“Its not easy being green” is a phrase coined by Kermit the Frog, as he expressed his discontent in life. Poor Kermit. What could be harder than being a simple frog trying to woo a glamorous Miss Piggy? Kermit lamented his green coloring, because it “blends in with so many ordinary things” making him feel too ordinary. Why couldn’t he be an exciting color like red or even yellow?
While Kermit analogized his green hue with being too common, the color can be used to describe many different emotions or characteristics: “green with envy,” “greenie” as being an environmentally-conscious person, “green means go” with traffic lights, etc. Green can also mean new or inexperienced. In Spanish, verde, the color for green, is used to describe unripe fruit. It is this use of green that most aptly describes the experience of a new attorney, permitting the Kermit’s “it’s not easy being green” to be sung by those new to the legal profession.
Starting a legal career is a tough endeavor, probably harder than trying to pursue someone that holds the upper hand (no offense to Kermit). There are many situations that are out of your control, as you try to navigate the waters of partner expectations and steep learning curves for a profession that you feel unprepared for; law school isn’t exactly “practice ready.” Looking back over my experience so far, I have distilled a few simple practices that helped me during my green phase, and maybe they could help you too.
1. Be thrifty: Shop discount and participate in DIY activities whenever possible. Financial autonomy will more than likely allow you to have more flexibility in the job market as you might be able to choose a position for reasons other than purely financial. Most law graduates enter the work force with heavy debt. While it may be overwhelming, remember that every bit of saving helps, and small actions can lead to big results. Try to bring your own lunch or coffee to work, learn to appreciate generic brands and shop at discount stores.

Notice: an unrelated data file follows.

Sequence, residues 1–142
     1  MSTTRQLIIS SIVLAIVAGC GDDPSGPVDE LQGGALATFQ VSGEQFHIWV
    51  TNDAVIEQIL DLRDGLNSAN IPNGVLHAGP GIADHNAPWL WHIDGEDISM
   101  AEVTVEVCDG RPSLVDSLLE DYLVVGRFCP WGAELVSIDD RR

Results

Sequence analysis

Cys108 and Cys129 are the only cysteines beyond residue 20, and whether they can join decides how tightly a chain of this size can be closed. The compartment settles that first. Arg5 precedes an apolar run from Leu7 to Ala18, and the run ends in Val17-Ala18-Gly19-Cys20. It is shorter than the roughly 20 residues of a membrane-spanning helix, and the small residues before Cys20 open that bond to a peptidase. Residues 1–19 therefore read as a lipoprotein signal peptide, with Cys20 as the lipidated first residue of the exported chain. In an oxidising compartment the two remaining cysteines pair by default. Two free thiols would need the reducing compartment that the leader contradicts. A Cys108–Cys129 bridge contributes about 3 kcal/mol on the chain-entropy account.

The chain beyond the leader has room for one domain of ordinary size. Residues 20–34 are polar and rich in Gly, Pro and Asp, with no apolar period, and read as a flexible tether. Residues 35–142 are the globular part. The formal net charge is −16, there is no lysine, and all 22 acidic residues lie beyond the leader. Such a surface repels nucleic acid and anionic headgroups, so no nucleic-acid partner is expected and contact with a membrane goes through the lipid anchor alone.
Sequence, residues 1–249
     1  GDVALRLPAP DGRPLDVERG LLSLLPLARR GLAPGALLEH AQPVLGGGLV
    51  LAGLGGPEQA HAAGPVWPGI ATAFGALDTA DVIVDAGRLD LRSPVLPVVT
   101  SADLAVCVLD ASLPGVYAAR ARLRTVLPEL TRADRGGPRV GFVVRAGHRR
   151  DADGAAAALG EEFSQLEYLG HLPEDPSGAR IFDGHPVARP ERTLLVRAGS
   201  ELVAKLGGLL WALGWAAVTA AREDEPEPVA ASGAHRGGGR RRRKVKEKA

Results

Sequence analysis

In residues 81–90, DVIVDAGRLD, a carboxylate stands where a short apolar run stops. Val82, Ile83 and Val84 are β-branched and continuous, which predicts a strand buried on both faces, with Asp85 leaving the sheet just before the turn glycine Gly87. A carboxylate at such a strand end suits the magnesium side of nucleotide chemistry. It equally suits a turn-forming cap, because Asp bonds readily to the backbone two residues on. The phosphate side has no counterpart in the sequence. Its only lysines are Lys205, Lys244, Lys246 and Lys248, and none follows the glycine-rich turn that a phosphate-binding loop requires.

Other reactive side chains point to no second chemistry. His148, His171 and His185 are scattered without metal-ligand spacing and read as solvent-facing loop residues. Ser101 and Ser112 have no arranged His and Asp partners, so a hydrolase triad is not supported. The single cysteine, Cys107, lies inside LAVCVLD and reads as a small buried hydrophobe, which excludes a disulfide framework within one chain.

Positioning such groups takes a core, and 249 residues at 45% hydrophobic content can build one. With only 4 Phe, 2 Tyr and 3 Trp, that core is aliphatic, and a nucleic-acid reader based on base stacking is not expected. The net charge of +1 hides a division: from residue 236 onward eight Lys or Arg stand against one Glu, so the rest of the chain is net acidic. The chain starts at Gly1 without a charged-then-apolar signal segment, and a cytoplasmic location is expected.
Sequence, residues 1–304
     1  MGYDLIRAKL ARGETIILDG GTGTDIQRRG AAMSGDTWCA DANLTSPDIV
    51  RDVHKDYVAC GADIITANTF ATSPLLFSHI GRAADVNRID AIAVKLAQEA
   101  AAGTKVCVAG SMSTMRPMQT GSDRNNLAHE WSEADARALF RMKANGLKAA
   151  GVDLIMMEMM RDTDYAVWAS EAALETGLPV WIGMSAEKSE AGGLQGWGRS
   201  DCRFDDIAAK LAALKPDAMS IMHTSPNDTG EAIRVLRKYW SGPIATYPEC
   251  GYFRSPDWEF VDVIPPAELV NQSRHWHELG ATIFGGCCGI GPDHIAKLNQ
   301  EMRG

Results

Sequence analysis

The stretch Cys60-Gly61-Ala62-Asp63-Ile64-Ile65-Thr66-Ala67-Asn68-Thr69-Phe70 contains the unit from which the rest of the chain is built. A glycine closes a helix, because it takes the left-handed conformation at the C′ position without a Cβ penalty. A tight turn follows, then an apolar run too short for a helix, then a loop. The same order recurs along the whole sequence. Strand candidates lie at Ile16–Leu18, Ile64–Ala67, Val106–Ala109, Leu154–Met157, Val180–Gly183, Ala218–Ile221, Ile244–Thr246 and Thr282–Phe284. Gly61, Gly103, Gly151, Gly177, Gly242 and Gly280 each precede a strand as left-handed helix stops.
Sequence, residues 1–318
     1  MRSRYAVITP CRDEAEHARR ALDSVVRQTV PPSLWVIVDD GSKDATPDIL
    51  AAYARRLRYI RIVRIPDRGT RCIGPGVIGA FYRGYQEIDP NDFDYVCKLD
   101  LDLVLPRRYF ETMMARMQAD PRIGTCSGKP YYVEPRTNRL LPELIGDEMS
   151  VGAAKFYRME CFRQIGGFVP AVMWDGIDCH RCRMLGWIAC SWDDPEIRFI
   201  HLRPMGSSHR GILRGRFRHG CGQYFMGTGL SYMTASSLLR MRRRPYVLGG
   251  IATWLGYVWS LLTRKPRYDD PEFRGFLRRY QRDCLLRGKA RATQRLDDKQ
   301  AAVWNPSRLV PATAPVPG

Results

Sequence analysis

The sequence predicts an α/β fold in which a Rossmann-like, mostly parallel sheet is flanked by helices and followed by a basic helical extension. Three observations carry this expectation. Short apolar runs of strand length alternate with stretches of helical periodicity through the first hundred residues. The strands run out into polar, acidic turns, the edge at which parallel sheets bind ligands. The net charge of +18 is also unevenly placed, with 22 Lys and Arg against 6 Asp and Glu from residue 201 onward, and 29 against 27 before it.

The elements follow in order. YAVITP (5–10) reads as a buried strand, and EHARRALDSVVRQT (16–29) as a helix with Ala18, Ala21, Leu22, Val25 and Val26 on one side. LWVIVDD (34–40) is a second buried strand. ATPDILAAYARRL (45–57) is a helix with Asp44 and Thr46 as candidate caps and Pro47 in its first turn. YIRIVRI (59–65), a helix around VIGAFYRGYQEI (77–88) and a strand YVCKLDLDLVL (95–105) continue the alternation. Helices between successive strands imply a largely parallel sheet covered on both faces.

2. Get a notebook: When I write down ideas or goals, I am more likely to follow through and accomplish them. Transferring intangible thoughts to a physical paper medium provides a light form of commitment. You can make an organized plan and enjoy the satisfaction that comes with crossing things off a list.
3. Work out in the morning: This gives you energy, structure and a sense of accomplishment before you get to work in the morning. Get the endorphins moving before you sit at your desk and they become your armor for the day.
4. Maintain support: Make sure that you spend time working on your personal life too, so that you will have someone to go to when you need to vent about a bad day, get an opinion about a new opportunity or just have fun. It is important to remember to reciprocate support too.
5. Adopt a wide lens: The world is a big place. Maybe right now, you are trying to pursue a career in a very niche industry or in a particular location and are hitting some bumps. Take a step back, zoom out, and realize that it’s not the only employer out there and this isn’t the only city in the world. Hang a world map near your desk. A JD can be used in a variety of professions, not just for practicing law.
I welcome any other suggestions!